Currently, AdventHealth Daytona Beach and Palm Coast both have one confirmed case of COVID-19.
No visitation. No elective medical procedures.
These are two new policies instated at AdventHealth Daytona Beach, AdventHealth Palm Coast and planned for Halifax Health hospitals in light of the threat of spreading COVID-19. AdventHealth Daytona Beach and Palm Coast both have one confirmed case of COVID-19, based on the March 23 daily report by the Florida Department of Health; Halifax Health doctors reported one case during a Volusia County press conference on Tuesday, March 24.
AdventHealth began restricting patient visitation across Central Florida on Monday, March 23, only permitting exceptions for underaged and obstetric patients, as well as patients with extenuating circumstances such as end-of-life. Halifax Health will begin similar restrictions starting Wednesday.
Due to an executive order issued by Gov. Ron DeSantis on March 20, all hospitals and doctor's offices are prohibited from providing "any medically unnecessary, non-urgent or non-emergency procedure or surgery."
For AdventHealth, that frees up the personal protective equipment that would have been used in those surgeries (such as masks and shields), and renders them available for doctors and nurses to use when examining a possible case of COVID-19, said AdventHealth Palm Coast CEO Dr. Ron Jimenez.
At this time, AdventHealth is isolating anyone who could potentially be infected with coronavirus. That's one of the reasons behind restricting visitors.
“Obviously, the hospital is a high-risk place, so we don’t want to expose a visitor to a potentially infectious patient, and we obviously don’t want the opposite to happen, where a potentially-infected visitor visits a patient that might not otherwise be infected," Jimenez said.
In a statement, John Gunthrie, vice president of Communications for Halifax Health, said his hospital is opening an alternate treatment area to screen patients with respiratory symptoms.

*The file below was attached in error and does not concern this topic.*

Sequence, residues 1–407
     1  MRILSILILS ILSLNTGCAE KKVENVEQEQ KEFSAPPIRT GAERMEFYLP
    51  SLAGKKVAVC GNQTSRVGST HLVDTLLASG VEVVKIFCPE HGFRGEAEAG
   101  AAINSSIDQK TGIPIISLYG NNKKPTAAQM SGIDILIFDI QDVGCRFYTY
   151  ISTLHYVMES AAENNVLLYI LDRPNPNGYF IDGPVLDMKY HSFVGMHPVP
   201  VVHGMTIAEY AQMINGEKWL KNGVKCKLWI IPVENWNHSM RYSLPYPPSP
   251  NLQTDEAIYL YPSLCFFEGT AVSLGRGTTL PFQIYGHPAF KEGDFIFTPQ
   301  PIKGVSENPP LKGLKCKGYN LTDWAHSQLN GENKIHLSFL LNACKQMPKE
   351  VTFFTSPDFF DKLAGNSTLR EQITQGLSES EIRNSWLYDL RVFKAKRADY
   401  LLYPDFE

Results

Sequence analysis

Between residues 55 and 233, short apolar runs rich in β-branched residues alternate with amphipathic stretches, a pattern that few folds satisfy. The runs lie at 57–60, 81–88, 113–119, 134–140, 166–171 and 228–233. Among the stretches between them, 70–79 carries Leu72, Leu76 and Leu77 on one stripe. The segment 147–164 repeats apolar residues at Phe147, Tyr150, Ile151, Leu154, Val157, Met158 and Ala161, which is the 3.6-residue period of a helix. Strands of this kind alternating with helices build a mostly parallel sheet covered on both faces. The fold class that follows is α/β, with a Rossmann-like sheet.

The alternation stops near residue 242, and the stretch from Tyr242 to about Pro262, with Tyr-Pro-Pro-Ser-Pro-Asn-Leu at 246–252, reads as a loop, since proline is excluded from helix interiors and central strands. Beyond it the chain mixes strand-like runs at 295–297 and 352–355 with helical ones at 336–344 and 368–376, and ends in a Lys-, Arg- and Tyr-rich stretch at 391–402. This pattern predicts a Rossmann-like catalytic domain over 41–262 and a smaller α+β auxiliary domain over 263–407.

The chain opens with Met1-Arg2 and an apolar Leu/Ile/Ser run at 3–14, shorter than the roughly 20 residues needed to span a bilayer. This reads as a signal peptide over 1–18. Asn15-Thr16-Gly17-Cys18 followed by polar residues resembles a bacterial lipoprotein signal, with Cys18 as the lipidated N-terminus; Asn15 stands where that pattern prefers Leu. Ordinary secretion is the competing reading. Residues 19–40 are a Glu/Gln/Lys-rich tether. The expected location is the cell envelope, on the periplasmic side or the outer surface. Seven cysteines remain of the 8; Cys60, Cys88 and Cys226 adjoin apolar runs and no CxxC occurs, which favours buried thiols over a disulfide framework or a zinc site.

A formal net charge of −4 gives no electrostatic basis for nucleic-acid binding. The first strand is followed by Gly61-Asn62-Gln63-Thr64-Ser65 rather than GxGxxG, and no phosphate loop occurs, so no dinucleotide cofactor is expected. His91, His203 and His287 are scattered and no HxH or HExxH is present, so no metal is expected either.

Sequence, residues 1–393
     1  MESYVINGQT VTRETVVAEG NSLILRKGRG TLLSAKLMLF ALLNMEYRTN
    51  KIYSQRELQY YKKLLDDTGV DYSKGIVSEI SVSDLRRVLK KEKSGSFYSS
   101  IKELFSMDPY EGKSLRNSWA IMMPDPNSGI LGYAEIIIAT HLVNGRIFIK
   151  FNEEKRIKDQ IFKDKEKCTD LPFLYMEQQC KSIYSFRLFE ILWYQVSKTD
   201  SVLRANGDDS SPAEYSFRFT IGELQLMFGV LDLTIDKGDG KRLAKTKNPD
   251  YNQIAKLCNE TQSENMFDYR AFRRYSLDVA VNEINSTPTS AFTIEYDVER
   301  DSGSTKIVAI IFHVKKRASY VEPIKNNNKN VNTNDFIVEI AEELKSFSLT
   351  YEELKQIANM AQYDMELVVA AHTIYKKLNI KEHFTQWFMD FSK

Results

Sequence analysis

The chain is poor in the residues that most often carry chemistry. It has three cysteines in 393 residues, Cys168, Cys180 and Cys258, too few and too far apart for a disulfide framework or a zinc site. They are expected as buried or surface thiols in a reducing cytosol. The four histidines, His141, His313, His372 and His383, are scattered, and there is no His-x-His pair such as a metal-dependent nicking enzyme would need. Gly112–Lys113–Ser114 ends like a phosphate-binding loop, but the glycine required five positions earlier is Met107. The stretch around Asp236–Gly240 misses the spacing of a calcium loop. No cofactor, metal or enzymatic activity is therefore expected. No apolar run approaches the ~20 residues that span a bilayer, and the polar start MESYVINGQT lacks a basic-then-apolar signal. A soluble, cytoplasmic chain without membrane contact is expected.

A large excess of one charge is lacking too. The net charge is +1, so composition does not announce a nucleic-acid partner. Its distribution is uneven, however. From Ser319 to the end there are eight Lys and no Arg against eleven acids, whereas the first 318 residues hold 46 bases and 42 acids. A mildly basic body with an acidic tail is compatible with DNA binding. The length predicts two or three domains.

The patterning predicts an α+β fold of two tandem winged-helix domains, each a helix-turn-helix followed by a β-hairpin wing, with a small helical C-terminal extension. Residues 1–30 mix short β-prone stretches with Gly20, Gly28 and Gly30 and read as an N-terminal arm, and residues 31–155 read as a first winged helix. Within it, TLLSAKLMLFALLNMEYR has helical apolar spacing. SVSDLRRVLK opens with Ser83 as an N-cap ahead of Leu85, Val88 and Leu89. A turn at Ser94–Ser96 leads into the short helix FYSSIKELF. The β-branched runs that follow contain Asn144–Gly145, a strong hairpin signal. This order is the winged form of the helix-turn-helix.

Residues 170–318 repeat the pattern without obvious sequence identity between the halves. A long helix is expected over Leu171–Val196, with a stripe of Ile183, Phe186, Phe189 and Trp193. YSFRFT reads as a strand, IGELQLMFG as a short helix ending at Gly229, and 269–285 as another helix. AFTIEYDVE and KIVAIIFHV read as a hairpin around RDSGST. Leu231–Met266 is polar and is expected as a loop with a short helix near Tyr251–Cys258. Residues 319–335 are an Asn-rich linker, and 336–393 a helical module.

"It is our objective to not have patients with respiratory symptoms enter the hospital unless it is medically necessary," Guthrie said.
If you test positive for COVID-19 after being tested in a facility in the community, don't come to the hospital. Jimenez said those patients should isolate themselves in their home.
With concerns over mask shortages rising nationwide, Jimenez said AdventHealth is "well-stocked" across the company.
"But there’s always concern that if supply doesn’t keep up with demand, then there could be a shortage in the future," he said. "So we’re trying to think ahead with regard to being prepared for any potential issue that hits us with regard to running out of equipment.”
AdventHealth has also recently launched an information line for citizens, 877-VIRUSHQ, which receives an average of 800 calls a day, said Lauren Dye, director of marketing and network development at AdventHealth Palm Coast. To limit exposure to hospital staff and volunteers, she said AdventHealth is looking to help nonpatient care staff perform work remotely. It has also closed areas like the hospital gift shops.
Jimenez added that hospital staff is practicing social distancing and encouraged residents to do the same. He said people in the community should keep washing their hands and assume everyone they encounter has COVID-19 and act accordingly.
“If everyone did that, the virus would end up dwindling out relatively quickly," Jimenez said. "But since we’re not all doing that, we’re going to continue to have this prolonged release of this virus in communities across the United States.”
This story was updated at 5:57 p.m. on Tuesday, March 24, to include one new case at Halifax Health.